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Experimental Signatures of the Quantum Nature of Radiation Reaction in the Field of an Ultraintense Laser

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  • K. Poder
  • M. Tamburini
  • G. Sarri
  • A. Di Piazza
  • S. Kuschel
  • C. D. Baird
  • K. Behm
  • S. Bohlen
  • J. M. Cole
  • D. J. Corvan
  • M. Duff
  • E. Gerstmayr
  • C. H. Keitel
  • K. Krushelnick
  • S. P.D. Mangles
  • P. McKenna
  • Z. Najmudin
  • G. M. Samarin
  • D. R. Symes
  • A. G.R. Thomas
  • J. Warwick
  • M. Zepf


Publication details

JournalPhysical Review X
DateAccepted/In press - 30 May 2018
DatePublished (current) - 5 Jul 2018
Issue number3
Number of pages11
Original languageEnglish


The description of the dynamics of an electron in an external electromagnetic field of arbitrary intensity is one of the most fundamental outstanding problems in electrodynamics. Remarkably, to date, there is no unanimously accepted theoretical solution for ultrahigh intensities and little or no experimental data. The basic challenge is the inclusion of the self-interaction of the electron with the field emitted by the electron itself - the so-called radiation reaction force. We report here on the experimental evidence of strong radiation reaction, in an all-optical experiment, during the propagation of highly relativistic electrons (maximum energy exceeding 2 GeV) through the field of an ultraintense laser (peak intensity of 4×1020 W/cm2). In their own rest frame, the highest-energy electrons experience an electric field as high as one quarter of the critical field of quantum electrodynamics and are seen to lose up to 30% of their kinetic energy during the propagation through the laser field. The experimental data show signatures of quantum effects in the electron dynamics in the external laser field, potentially showing departures from the constant cross field approximation.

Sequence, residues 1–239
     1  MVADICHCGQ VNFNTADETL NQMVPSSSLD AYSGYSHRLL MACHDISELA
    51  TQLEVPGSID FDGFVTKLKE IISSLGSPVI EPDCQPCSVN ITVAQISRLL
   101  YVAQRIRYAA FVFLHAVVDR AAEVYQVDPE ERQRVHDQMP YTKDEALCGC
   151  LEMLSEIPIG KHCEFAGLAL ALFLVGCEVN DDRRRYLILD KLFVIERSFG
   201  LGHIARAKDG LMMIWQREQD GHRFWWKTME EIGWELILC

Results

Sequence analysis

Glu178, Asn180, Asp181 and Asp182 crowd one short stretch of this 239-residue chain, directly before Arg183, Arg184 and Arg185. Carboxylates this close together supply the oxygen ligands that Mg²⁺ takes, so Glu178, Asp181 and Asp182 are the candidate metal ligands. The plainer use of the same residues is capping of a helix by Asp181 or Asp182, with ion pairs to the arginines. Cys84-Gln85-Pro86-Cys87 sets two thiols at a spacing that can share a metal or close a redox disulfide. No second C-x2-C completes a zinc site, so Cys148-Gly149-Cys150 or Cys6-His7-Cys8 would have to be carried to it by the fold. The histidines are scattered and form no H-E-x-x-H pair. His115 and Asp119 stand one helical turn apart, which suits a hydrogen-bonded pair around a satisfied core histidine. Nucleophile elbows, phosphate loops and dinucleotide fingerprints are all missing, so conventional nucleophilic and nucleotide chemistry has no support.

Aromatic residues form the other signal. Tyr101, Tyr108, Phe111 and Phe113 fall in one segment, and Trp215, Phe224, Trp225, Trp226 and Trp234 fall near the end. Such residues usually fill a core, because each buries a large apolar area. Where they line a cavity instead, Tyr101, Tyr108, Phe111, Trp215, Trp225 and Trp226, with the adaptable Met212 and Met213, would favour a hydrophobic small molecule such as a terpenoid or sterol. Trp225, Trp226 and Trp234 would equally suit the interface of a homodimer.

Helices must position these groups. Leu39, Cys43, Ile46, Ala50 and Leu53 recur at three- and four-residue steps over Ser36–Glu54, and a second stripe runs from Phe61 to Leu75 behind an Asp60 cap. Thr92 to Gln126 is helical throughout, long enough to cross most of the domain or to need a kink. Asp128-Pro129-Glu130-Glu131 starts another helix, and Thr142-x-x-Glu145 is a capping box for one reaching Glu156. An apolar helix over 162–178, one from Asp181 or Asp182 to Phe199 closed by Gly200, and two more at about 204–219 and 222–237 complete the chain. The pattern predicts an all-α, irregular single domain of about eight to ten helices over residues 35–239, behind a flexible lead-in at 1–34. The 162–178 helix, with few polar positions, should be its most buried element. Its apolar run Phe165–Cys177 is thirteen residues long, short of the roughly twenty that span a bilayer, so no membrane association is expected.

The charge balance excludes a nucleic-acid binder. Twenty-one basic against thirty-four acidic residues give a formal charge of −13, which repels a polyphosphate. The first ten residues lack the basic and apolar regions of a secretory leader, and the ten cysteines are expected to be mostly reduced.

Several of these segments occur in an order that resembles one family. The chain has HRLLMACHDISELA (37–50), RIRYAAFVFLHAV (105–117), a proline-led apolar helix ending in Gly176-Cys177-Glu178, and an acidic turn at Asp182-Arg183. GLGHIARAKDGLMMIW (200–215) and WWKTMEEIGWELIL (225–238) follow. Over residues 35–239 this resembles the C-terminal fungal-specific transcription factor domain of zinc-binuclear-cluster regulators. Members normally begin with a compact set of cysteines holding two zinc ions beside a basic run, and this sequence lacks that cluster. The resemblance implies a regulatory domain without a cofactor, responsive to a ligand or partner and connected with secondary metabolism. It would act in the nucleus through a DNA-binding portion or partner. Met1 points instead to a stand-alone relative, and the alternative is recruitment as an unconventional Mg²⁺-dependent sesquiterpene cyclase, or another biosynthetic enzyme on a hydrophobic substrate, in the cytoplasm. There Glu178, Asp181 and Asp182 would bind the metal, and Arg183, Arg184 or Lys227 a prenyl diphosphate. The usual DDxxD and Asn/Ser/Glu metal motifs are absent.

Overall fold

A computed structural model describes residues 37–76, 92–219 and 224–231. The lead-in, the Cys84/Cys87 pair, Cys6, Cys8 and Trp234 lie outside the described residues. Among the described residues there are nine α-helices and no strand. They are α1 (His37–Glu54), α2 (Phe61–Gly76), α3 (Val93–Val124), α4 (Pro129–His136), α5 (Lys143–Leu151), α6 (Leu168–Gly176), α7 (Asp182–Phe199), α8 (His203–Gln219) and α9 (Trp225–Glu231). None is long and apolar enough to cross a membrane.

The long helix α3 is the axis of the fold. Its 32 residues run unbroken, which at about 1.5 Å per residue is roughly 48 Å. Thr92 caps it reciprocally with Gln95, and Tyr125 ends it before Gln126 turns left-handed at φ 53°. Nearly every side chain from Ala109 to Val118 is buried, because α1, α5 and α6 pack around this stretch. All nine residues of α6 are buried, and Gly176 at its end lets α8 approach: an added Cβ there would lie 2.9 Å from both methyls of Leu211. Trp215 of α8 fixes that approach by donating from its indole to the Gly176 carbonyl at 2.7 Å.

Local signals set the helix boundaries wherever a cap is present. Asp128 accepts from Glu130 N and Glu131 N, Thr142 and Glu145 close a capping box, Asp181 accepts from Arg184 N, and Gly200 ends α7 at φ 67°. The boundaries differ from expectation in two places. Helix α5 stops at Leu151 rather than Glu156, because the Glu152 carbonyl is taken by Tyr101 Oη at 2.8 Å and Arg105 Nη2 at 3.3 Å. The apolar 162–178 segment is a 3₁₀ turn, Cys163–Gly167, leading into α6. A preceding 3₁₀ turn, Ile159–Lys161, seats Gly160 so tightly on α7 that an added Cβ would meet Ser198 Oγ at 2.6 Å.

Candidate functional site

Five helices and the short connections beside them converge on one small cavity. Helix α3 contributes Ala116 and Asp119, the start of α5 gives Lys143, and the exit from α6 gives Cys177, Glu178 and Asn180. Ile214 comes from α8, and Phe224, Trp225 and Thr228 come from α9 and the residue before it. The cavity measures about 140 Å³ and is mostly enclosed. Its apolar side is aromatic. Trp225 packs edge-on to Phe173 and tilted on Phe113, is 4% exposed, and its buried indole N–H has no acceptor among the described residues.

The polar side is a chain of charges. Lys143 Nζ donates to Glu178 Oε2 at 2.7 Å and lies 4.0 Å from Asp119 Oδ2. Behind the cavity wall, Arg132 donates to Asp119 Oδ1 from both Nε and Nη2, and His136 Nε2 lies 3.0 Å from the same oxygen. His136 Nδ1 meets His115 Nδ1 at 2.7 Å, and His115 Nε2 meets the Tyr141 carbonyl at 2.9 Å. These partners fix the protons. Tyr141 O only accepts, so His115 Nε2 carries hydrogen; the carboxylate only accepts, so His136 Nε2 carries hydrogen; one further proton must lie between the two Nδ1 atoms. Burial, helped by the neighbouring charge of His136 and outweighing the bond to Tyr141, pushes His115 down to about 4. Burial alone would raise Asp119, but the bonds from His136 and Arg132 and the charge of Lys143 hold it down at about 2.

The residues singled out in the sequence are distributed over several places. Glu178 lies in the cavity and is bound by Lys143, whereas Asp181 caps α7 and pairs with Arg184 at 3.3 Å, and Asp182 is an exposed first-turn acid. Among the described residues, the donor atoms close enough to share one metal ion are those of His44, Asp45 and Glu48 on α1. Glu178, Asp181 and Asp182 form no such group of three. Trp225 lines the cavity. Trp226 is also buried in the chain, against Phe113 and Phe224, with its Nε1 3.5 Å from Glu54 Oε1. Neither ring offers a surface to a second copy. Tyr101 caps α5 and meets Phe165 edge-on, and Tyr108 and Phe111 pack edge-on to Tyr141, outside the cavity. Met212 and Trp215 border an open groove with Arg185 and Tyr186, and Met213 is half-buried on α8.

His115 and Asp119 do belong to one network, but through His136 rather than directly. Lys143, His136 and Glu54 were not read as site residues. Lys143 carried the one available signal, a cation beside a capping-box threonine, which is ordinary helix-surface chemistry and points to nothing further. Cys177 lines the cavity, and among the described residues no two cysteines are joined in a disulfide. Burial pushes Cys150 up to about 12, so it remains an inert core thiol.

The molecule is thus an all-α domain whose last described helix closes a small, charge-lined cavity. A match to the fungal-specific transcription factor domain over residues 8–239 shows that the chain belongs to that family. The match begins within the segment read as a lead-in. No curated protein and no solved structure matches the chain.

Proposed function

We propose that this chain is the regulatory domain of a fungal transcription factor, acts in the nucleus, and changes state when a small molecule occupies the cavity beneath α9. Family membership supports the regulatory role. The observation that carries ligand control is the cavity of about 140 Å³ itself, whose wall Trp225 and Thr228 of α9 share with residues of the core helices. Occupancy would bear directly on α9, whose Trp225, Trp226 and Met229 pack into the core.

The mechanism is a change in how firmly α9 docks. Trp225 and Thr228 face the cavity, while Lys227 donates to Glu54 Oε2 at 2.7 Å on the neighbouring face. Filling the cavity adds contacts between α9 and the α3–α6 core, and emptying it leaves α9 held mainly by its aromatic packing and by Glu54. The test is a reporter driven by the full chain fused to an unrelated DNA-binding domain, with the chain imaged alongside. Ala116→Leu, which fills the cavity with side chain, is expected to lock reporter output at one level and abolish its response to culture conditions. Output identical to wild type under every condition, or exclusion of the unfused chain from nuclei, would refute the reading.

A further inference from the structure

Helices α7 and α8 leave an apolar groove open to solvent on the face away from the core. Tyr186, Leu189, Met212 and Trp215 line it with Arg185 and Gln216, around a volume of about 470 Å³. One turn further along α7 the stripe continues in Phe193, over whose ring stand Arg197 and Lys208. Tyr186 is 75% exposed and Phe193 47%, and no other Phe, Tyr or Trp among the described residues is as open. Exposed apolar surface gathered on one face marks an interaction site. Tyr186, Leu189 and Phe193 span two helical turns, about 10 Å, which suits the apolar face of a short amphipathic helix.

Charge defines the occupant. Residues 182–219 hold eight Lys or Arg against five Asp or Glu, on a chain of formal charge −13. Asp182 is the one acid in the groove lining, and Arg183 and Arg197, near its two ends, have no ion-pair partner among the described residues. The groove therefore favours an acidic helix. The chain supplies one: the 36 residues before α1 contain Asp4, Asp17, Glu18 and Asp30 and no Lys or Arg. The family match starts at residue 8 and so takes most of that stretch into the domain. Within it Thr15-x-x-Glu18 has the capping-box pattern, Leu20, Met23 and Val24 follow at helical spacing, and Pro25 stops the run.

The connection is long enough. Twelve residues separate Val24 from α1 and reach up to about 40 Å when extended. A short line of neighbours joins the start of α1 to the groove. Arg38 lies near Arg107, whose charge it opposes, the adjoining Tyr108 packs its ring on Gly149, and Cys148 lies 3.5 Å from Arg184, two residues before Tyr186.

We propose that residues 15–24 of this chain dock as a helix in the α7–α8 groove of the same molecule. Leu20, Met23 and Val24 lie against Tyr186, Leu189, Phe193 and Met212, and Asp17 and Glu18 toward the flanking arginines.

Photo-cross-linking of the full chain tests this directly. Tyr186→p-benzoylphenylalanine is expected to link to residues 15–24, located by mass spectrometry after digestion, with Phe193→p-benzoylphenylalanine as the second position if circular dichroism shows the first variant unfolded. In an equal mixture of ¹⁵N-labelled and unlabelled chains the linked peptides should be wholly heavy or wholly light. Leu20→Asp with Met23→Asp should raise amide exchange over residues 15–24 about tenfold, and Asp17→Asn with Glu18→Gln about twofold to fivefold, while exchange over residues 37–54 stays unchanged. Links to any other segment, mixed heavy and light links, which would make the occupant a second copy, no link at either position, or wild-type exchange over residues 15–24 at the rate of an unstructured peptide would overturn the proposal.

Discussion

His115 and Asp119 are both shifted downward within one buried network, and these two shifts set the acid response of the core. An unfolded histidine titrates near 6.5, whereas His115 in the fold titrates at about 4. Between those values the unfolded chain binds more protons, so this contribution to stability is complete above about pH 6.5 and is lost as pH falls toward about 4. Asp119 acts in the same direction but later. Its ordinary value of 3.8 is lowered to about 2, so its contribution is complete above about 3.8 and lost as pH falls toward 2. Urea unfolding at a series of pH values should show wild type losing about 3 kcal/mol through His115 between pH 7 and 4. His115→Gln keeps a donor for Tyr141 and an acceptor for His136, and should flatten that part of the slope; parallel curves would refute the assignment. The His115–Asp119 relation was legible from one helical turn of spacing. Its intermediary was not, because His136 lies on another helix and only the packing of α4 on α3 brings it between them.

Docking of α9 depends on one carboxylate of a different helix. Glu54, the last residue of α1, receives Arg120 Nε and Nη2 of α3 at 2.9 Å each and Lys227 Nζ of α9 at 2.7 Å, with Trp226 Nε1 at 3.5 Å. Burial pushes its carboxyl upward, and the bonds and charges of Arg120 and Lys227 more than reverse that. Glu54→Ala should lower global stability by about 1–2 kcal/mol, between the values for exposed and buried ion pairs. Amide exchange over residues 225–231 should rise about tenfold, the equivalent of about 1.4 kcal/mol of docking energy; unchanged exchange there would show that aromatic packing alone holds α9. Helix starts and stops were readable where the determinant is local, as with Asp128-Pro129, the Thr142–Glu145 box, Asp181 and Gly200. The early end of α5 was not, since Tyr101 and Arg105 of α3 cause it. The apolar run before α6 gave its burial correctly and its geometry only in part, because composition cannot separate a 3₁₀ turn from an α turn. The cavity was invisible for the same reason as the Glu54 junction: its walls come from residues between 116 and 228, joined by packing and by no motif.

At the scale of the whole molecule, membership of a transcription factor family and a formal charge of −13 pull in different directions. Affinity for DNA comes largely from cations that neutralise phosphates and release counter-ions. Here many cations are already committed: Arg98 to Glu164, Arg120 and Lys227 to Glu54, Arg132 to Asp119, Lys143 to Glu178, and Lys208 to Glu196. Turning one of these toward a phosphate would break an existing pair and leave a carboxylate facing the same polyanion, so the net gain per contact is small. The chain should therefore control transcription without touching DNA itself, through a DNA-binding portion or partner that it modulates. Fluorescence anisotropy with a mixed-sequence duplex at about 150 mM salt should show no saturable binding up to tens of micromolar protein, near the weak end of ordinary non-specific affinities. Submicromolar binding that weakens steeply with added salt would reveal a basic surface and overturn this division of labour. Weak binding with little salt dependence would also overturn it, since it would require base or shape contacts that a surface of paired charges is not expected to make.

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© 2018 Published by the American Physical Society under the terms of the Creative Commons Attribution 4.0 International license. Further distribution of this work must maintain attribution to the author(s) and the published article’s title, journal citation, and DOI.

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